But even when mass murder is conceded — as a sad hazard of empire — the fact remains that Henry Kissinger was a failure by his own amoral metrics. He wanted “peace with honour” in Vietnam, a war meant to arrest the communist menace. And yet no number of flaming jungles prevented North Vietnamese tanks crashing through the gates of the presidential palace in the spring of ’75, as Saigon went red overnight.
Second, Kissinger wanted to attempt the same for Cambodia, personally signing off on sites to carpet-bomb. (“Much less,” he said at age 90, than Obama drone-bombing Pakistan, but which was equally “justified”.) Here again he met with failure: the carnage of Operation Menu wrecked the government, enraged the locals, and gave way to the wild, skull-sorting mania of the Khmer Rouge — quite apart from Anthony Bourdain challenging anyone to visit Cambodia and not come away wanting to beat Henry to death with his bare hands.
Third, Kissinger wanted to stop Pakistan from tearing itself apart, if for aims rooted entirely in the Cold War (“Here we have Indian-Soviet collusion, raping a friend of ours”). Kissinger knew precious little about South Asia — “I would not recognise Pashtun agitation if it hit me in the face” — and achieved as much. Yet it would be glib to put the burden of 1971 at his door, seeing as there was next to no acceptance of their sickening crimes against Bengalis by the principals themselves: the ruling junta, described by its junior partner Zulfi Bhutto as “Yahya Khan and his gang of illiterate psychopaths.” (An amnesia that also helped liberals glorify Mujib amid the mass killings of Biharis).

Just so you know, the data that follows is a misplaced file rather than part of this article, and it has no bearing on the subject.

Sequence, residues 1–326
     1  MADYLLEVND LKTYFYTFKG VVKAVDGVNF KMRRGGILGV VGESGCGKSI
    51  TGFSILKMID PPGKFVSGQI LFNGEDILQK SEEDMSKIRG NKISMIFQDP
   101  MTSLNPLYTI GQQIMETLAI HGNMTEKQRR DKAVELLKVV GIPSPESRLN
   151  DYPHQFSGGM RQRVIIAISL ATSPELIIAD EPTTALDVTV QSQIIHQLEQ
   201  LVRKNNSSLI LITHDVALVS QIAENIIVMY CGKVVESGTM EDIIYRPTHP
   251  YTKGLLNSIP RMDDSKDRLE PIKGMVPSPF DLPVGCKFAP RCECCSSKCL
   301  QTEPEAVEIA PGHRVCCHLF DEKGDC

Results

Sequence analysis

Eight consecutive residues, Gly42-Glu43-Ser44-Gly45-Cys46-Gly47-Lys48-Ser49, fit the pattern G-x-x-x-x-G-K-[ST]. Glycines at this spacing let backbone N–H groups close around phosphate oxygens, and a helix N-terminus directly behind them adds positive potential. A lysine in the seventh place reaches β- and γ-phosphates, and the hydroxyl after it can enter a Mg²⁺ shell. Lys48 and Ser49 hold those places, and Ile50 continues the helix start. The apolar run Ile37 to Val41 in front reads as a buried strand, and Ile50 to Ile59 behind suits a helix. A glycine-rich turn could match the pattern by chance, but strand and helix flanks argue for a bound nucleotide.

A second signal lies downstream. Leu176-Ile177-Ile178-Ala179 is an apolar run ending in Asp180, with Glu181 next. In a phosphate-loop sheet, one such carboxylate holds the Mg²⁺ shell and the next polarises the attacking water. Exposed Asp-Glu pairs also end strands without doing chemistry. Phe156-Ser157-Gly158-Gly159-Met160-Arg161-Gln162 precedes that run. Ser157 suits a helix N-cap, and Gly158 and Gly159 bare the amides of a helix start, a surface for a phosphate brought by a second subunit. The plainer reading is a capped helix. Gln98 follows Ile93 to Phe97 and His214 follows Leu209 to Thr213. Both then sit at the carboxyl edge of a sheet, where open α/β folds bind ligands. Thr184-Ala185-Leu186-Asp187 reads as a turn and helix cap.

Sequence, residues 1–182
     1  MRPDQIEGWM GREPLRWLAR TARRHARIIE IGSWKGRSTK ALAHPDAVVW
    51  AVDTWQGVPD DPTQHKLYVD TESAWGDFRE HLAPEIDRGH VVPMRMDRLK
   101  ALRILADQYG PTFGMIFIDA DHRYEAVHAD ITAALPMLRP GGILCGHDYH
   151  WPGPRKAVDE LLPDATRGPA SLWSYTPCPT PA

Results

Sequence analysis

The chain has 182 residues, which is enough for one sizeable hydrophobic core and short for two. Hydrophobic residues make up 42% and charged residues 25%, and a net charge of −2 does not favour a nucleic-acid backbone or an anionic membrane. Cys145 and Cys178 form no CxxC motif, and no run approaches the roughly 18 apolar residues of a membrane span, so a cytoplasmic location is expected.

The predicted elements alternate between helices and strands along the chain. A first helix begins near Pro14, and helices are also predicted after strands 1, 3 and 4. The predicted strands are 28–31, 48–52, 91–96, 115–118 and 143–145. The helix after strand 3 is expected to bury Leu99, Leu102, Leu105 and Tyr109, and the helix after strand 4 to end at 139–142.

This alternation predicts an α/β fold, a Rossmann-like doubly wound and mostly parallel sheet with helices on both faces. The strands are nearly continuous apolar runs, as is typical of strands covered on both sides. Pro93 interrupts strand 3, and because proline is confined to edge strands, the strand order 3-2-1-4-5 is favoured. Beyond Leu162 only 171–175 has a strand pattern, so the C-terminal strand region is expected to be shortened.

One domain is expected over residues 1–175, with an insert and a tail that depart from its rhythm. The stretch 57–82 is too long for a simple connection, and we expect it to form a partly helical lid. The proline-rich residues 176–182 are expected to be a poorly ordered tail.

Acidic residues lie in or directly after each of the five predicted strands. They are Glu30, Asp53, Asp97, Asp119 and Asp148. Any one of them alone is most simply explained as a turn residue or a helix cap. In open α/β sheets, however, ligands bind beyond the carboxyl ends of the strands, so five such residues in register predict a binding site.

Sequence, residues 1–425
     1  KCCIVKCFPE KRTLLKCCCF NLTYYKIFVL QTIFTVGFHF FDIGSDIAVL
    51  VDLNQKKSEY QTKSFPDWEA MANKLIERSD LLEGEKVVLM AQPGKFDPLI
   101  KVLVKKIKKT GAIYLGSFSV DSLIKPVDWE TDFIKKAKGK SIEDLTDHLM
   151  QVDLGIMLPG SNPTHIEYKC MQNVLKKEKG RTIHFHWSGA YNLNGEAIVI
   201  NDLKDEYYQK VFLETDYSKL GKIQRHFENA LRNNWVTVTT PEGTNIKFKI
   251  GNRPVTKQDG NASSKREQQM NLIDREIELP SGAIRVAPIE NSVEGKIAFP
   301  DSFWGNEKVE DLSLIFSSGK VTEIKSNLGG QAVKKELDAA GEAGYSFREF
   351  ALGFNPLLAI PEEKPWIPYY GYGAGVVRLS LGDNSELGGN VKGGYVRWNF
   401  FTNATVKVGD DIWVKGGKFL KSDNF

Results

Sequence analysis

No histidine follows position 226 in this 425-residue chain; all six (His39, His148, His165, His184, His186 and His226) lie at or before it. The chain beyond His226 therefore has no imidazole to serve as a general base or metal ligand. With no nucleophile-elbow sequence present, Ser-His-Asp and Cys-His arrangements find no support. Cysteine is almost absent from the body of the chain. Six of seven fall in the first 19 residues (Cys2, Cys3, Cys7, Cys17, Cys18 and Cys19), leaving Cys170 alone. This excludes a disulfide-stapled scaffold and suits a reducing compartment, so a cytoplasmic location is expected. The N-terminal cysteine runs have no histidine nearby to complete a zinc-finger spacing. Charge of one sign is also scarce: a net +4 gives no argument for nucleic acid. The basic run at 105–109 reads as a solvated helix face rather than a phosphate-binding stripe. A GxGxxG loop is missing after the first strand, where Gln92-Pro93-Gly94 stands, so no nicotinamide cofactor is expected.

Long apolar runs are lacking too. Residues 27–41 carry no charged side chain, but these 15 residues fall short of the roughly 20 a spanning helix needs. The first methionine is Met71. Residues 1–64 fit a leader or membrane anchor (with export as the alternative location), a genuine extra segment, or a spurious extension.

Fourth and finally, Kissinger wanted to restrain the Russian bear with a series of ropes, ribbons, and disarmament talks; all of this would come to nothing when the supposedly slow and goofy Ronald Reagan took the same bear head-on, laughed that he could win any arms race, and then prodded the Soviet Union to collapse in on itself. It was no coincidence that Reagan’s entire presidential campaign had been, per one sympathetic columnist, “running against Kissingerism”.
Nor was it a coincidence that Kissinger, who had survived Vietnam and sidestepped Watergate, was felled by the same DC bureaucracy he thought he had harnessed — more specifically, by the only two paper-pushers more overtly repulsive than he: Donald Rumsfeld and Dick Cheney, as they tugged President Ford to the right in 1975; the result was Kissinger thrown out of the National Security Council. It didn’t work: the Reagan wave would eventually sweep away all of Nixon/Ford’s mumbling neurotics, and usher in a free-market frenzy.
This helped Saint Henry land on his feet yet again — this time in the private sector, as an oracle of global capital — and enrich himself many times over. A gifted social mountaineer, he spent his retirement as a regular on the black-tie circuit; as a public intellectual, he supported every war, from Iraq to Libya, waged by a new generation of neocons, even as many of them spat on his name. Unlike the accusation — levelled by lesser gasbags that long craved his kind of relevance — that Kissinger was an unoriginal thinker (first, who is, and second, who cares?), Washington grew around Kissinger, and not the other way round.